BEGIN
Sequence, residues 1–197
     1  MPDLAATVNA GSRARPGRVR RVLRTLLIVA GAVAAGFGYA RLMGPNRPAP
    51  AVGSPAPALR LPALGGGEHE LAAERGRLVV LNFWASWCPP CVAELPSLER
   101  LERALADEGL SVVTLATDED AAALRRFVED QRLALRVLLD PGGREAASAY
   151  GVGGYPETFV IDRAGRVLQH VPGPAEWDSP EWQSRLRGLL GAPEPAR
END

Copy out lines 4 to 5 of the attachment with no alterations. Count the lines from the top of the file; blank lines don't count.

   101  LERALADEGL SVVTLATDED AAALRRFVED QRLALRVLLD PGGREAASAY
   151  GVGGYPETFV IDRAGRVLQH VPGPAEWDSP EWQSRLRGLL GAPEPAR